Red Sox

Vazquez to seek Dr. James Andrews on elbow ailment

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Vazquez to seek Dr. James Andrews on elbow ailment

FORT MYERS, Fla. - Catcher Christian Vazquez, sidelined with an ailing elbow, will seek a second opinion from Dr. James Andrews in Pensacola Wednesday, yet another signal that Vazquez is dealing with a serious injury that could require season-ending surgery.

"I don't know about the severity of it right now,'' said manager John Farrell. "We know there have been findings on it, based on the MRI, and I think anytime the elbow is talked about, you go to someone who's probably the source in our industry - and that's Dr. Andrews - to take a further look at this.''

Whether Vazquez requires Tommy John surgery - a worst-case scenario - or simply needs time to rehab, it's clear he won't be part of the Opening Day roster and the Sox need to decide, over the next week, who their No. 2 catcher will be behind starter Ryan Hanigan.

 ”We're focused on the internal options (Humberto Quintero and Blake Swihart), as I said yesterday,'' said John Farrell. "Both guys are going to catch (in the final week in Florida). One's on the (40-man) roster (Swihart), one's not on the roster (Quintero). There's a number of factors that will come into this.

"But setting the roster (issue) aside, you look at the way guys are handling pitchers in the moment, their game-calling, their defensive abilities. Nothing will be omitted when we talk about how we're going to start the season with the catcher in addition to Ryan Hanigan.''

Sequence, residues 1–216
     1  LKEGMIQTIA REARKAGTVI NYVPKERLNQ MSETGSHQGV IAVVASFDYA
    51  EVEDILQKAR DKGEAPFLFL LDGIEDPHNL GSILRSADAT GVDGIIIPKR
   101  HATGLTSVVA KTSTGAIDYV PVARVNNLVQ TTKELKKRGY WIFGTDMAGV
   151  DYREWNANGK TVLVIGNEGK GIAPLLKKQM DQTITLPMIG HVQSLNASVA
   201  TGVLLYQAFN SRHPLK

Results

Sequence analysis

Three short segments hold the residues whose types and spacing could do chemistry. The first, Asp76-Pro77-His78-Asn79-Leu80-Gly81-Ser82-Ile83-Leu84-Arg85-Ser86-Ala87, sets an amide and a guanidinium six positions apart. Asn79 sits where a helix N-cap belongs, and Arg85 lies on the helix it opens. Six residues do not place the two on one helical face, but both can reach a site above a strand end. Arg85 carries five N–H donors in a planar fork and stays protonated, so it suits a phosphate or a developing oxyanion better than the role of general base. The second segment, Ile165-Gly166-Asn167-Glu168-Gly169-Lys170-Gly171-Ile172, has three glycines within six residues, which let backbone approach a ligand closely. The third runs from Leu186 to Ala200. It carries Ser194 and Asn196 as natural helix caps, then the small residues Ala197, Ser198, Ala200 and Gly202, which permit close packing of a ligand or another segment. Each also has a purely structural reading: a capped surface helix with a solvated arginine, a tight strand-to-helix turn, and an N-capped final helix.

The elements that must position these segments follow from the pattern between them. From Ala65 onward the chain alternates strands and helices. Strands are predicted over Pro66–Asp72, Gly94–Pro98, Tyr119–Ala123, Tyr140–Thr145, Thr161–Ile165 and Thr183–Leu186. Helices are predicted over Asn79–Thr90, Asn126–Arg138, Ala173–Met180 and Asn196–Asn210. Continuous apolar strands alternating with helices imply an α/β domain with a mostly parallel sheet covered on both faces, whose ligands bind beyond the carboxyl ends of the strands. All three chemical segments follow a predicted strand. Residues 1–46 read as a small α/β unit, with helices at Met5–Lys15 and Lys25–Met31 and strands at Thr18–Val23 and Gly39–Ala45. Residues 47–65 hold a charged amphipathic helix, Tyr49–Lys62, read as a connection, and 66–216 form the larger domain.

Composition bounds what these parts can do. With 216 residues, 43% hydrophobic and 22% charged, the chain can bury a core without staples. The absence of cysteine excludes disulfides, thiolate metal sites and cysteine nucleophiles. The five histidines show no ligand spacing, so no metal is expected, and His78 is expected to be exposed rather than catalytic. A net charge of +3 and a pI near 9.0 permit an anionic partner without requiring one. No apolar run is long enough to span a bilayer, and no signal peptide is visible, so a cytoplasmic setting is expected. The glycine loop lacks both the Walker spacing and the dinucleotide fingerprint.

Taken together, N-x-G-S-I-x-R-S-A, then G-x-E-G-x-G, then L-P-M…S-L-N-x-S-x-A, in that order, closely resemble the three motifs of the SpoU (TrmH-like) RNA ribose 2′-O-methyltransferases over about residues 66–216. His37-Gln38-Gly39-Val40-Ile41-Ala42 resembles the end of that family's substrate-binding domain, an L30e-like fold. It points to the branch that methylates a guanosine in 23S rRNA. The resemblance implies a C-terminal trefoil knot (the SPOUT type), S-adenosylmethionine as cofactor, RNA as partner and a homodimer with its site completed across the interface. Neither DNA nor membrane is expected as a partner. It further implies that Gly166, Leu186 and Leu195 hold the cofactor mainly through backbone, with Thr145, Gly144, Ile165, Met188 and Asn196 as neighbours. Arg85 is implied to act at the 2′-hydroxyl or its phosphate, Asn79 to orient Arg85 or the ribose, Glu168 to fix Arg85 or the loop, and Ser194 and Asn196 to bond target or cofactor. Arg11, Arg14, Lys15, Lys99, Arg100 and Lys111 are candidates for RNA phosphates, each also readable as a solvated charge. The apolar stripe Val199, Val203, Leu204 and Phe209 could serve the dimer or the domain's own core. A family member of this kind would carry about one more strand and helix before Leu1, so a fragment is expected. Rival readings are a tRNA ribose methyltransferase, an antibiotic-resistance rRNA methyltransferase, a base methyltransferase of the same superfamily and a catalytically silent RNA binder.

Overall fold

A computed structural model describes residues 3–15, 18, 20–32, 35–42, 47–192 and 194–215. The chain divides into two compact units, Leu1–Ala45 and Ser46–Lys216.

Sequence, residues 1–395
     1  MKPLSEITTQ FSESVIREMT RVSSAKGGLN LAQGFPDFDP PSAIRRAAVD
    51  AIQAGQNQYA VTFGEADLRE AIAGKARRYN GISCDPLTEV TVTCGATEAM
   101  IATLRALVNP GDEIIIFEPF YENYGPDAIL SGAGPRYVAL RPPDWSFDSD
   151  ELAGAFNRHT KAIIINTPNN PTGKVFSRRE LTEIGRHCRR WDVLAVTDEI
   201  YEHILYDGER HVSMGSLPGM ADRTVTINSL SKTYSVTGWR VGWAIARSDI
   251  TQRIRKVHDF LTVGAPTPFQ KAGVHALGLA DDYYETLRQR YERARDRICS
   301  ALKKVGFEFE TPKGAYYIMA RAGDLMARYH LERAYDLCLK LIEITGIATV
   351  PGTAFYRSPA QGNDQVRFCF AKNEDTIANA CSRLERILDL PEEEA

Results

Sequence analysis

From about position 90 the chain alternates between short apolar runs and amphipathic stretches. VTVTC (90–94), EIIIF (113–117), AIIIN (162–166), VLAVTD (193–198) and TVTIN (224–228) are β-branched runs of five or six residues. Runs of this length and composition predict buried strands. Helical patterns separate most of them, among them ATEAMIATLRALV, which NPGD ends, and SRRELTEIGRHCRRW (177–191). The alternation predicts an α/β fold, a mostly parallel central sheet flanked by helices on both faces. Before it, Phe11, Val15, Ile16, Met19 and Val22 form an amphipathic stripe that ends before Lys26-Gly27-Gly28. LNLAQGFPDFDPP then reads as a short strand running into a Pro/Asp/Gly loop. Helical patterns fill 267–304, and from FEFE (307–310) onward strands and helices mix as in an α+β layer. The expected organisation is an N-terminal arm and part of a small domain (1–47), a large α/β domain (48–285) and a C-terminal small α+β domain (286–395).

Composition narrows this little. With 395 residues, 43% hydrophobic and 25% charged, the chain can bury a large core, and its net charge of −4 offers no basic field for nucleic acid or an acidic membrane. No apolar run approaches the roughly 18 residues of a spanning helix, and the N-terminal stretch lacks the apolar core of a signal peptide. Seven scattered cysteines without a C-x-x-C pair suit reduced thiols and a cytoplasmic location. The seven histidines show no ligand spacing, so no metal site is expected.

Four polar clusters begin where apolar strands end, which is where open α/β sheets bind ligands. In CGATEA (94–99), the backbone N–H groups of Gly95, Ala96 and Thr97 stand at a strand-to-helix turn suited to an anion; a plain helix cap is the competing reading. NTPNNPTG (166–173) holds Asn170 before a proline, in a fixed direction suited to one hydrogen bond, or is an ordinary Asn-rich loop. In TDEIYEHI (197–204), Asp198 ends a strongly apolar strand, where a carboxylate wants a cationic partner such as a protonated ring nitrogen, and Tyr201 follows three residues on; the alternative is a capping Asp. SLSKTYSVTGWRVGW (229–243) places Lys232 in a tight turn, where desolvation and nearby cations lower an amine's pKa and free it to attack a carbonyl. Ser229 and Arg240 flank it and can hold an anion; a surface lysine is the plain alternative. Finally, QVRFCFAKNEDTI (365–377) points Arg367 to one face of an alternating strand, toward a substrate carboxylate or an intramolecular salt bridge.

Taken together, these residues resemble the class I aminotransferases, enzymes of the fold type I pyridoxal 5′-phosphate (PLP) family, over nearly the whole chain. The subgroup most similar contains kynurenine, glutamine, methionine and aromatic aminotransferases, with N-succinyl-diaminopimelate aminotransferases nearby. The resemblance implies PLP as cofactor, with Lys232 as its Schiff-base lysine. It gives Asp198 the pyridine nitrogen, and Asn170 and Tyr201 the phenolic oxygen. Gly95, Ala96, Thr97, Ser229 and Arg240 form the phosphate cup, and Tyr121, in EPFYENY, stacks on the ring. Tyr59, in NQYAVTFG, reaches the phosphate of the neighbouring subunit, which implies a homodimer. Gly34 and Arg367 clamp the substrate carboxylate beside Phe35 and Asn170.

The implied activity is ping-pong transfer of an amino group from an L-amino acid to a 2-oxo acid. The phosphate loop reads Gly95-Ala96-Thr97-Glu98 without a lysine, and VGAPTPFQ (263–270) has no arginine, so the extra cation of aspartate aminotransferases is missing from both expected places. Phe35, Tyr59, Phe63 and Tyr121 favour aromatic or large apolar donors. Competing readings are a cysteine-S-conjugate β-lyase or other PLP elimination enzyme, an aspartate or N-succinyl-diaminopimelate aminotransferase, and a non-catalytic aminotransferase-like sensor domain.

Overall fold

Quintero has spent parts of 12 seasons in the big leagues with a half-dozen different organizations and profiles as the quintessential journeyman backup catcher. He's thought to be a good handler of pitchers and a solid catch-and-throw guy, though he offers little in the way of offense, with a lifetime .234 average and a career OPS of .594.

Swihart is regarded as the Red Sox' top position player prospect - an athletic switch-hitting catcher who has shown immense improvement behind the plate over the last two seasons.

But Swihart has played just 18 games above Double A.

"(Swihart) has looked fine,'' said Farrell. "The other day, he and Clay (Buchholz) were working through some things. That was clear. But I think as we've gotten though camp, Blake has had an opportunity to handle some of the pitchers we have here. He's worked diligently on some pitches in certain areas of  the strike zone where some (improved) receiving and framing polishing could take place and that's ongoing.